World population levels could soar to explosive heights if contraception doesn’t become readily available to women in developing countries.
Friday marks World Population Day, the United Nation’s awareness event that invites experts to assess population growth and its global effects.
The population currently sits at 7.2 billion, according to the U.N. It will likely hit 10.9 billion by the end of the century, but could very well climb to 27 billion if fertility rates remain constant, according to the Population Institute.
The impact of such swelling numbers could be devastating.
Currently, 1.2 billion people live on less than $1.25 per day and one out of every eight people in the world struggles with hunger.
The world is running out of land that’s suitable for food production and by 2025, an estimated 3.5 billion people are expected to be living in water-scarce regions.
While the percentage of women using contraception is increasing, the figures are still not where they need to be.
As part of its Millennial Development Goals, the U.N. had designated 2015 as the year for achieving universal access to reproductive health. But that goal won’t be met.
It’s for that reason that the U.N. is focusing this year’s World Population Day on young people -- on fighting back against child marriage and pushing for improved access to sexual health.
"For millions of young people around the world, puberty … brings not only changes to their bodies, but also new vulnerabilities to human rights abuses, particularly in the areas of sexuality, marriage and childbearing," Dr. Babatunde Osotimehin, UNFPA executive director, said in a statement. "Millions of girls are coerced into unwanted sex or marriage, increasing the risks of unwanted pregnancies, unsafe abortions and sexually transmitted infections, including HIV, as well as death or disability due to childbirth."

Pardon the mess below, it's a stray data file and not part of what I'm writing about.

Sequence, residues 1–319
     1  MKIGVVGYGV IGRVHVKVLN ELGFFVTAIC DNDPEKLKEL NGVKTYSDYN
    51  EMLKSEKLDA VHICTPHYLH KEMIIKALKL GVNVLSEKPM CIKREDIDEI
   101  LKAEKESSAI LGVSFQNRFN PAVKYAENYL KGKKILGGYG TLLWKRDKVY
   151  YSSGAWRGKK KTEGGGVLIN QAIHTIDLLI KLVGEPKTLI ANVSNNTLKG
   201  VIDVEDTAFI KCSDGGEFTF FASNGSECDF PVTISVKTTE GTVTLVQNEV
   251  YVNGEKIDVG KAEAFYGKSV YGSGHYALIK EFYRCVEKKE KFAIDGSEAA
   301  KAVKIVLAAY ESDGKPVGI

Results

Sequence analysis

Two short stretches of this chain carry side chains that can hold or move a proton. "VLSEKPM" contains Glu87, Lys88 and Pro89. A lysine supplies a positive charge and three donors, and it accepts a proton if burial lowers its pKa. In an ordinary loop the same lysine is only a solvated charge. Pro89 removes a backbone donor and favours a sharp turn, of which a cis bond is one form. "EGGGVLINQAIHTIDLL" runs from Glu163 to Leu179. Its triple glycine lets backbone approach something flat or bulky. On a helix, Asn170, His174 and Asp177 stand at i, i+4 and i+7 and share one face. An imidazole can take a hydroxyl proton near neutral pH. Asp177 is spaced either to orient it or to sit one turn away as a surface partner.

Child marriage is now on the rise. An estimated 13.5 million girls have been married off before turning 18, according to a World Vision study released last year.
But girls and women are eager to gain access to birth control. In fact, 222 million women in the developing world want to avoid getting pregnant, but don’t have access to a modern method of contraception, according to the Population Institute.
It’s a lifesaving measure, experts say, the world can’t afford to overlook or deem too "controversial" to tackle.
"It’s not controversial in many, many other places in the world. And just because it’s controversial doesn’t mean you shouldn’t do the right thing for women," family planning advocate Melinda Gates said in a New York Times interview last year. "If women are telling you that, 'I don’t want to have seven children, I can only feed two or three, but I don’t have a way to plan for those children,' we should do the right thing, regardless if it’s controversial."